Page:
TCS Daily


Puffed Up Savings

By Tim Worstall - November 18, 2004 12:00 AM

Smoking bans in public places seem to be marching on. First California, then New York and Ireland; Scotland has just announced their version and England did so this week. There are four small things to note from this rush to new legislation and one large one. Of the small ones a report by Vicki Woods in the Telegraph:

"Mayor Bloomberg is now hoping to extirpate the weed in private apartments. Anybody moving into a Manhattan condominium will soon have to sign a legal agreement not to smoke inside the confines of their own flat."

So at least part of the puritan crusade seems to have been motivated by the desire to tell people what to do, not the announced safety of others and the dangers of passive smoking. Well, that's a surprise isn't it?

The second is from a news report in the same paper on the English upcoming legislation:

"The Government also intends to close 'smoking rooms' at offices and factories where curbs have already been introduced. It will mean smokers will have to go outside if they want to light up."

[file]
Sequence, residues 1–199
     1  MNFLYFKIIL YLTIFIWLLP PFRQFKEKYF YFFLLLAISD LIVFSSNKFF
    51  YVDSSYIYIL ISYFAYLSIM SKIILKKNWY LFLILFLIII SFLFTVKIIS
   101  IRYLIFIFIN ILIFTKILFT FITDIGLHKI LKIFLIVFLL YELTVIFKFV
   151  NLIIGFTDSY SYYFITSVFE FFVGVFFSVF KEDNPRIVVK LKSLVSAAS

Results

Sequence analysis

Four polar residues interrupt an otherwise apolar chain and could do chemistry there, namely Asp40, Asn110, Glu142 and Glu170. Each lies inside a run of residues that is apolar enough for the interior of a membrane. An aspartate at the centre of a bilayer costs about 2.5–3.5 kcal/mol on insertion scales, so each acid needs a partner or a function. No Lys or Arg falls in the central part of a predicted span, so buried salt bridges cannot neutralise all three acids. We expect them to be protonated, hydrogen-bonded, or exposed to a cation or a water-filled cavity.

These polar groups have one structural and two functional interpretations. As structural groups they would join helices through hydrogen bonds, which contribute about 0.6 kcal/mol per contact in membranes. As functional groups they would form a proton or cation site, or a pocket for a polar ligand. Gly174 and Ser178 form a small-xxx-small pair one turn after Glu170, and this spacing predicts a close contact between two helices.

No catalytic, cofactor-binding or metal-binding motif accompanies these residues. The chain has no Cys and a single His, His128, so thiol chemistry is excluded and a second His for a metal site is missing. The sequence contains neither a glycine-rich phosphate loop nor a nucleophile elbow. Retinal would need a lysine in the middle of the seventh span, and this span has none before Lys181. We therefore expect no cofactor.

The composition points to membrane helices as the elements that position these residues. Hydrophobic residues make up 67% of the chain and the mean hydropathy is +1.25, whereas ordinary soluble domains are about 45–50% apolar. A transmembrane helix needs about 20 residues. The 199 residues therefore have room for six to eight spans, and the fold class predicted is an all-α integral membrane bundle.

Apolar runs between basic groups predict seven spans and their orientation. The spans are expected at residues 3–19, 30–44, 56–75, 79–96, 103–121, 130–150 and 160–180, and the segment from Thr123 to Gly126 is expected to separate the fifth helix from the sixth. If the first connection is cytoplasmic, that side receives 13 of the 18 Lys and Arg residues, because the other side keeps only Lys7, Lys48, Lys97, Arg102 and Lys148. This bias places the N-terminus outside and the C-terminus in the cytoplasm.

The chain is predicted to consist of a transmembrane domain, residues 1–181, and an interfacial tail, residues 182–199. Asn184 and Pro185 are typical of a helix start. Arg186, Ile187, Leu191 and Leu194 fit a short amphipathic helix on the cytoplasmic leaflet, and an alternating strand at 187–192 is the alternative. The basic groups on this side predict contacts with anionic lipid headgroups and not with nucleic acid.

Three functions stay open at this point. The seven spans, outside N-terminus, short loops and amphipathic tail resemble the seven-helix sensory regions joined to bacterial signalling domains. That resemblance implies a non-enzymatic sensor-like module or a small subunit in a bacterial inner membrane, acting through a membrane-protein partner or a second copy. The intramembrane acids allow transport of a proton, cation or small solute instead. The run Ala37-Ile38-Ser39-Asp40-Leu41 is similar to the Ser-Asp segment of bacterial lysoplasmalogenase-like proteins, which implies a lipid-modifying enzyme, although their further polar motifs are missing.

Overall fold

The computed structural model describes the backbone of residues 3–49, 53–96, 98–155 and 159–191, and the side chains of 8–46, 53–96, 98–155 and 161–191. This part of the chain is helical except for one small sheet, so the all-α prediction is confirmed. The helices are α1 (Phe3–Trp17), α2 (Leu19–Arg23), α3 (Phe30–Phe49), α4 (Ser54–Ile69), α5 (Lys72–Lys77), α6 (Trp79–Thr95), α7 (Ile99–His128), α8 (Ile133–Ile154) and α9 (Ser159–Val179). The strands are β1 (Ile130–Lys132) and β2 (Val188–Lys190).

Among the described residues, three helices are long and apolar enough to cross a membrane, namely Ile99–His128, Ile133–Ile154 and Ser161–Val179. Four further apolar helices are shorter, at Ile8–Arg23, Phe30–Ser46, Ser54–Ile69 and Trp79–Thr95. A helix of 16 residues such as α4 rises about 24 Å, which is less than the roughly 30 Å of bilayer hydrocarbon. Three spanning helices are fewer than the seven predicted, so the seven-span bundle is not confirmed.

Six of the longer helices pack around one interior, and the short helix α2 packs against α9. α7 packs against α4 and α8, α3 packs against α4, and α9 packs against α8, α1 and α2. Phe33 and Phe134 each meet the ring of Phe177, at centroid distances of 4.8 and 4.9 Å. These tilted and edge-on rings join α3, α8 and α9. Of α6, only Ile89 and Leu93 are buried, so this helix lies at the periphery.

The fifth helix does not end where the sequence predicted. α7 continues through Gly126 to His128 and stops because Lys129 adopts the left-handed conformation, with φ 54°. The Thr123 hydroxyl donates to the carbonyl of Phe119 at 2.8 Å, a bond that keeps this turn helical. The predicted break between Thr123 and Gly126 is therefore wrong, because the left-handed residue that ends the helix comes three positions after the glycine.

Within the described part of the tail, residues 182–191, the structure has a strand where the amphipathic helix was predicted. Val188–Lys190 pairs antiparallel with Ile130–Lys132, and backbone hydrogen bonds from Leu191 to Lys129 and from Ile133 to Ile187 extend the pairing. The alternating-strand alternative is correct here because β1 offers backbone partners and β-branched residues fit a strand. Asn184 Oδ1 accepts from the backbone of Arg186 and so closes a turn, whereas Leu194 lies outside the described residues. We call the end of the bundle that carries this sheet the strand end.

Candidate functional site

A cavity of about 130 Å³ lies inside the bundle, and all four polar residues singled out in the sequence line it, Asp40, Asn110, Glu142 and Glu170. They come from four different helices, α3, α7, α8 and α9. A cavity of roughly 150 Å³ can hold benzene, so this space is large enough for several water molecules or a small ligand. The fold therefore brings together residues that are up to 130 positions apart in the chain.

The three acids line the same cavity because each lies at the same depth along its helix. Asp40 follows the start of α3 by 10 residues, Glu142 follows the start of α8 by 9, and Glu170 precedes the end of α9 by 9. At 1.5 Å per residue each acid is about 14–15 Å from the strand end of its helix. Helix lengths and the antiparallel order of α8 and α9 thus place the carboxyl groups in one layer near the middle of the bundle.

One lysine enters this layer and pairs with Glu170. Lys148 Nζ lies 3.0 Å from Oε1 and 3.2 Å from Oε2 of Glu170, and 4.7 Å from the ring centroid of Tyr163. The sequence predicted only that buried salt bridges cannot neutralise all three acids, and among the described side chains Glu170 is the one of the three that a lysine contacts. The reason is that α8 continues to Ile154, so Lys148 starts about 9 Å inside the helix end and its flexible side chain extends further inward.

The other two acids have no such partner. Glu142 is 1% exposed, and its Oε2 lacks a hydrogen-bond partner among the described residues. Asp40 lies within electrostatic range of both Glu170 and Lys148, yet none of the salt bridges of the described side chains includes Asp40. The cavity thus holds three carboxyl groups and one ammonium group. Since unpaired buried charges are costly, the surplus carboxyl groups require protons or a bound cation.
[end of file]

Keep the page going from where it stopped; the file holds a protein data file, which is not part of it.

Again, the motivation seems to be that Nanny knows best. Even when adults voluntarily congregate and voluntarily expose themselves to each other's smoke this cannot be allowed. The third is that the ban will extend to pubs if they serve food. Some might be a little confused by this as "pub" is short for "Public House" and so of course they are public spaces where the State has a right to legislate behavior. That view is incorrect, for the meaning of Public House is that it is a house, private property, to which the public may be granted access at the discretion of the owner. As an example, the Landlord has an absolute non-negotiable right to refuse service to anyone at any time for no reason whatsoever. There is no right of entry nor of expectation of service to a pub, something that really doesn't make it sound like "public property" within which the State has a right to tell people whether they may smoke or not.

The fourth is mere grubby politics. The Labour Party, the current ruling oligarchy in the UK, has at its root a series of what are called "Working Men's Clubs". These are generally not for profit membership only clubs in the Labour heartlands and they provide much of the constituency support that the party enjoys. They are, of course, excluded from this ban, all 4,000 of them. Apparently poisoning your own supporters is OK if that's what they want but the general public cannot be allowed to make such decisions themselves. It will also be interesting to see whether the similar but smaller network of Conservative clubs will also be exempt, indeed, whether private clubs of all kinds will be so.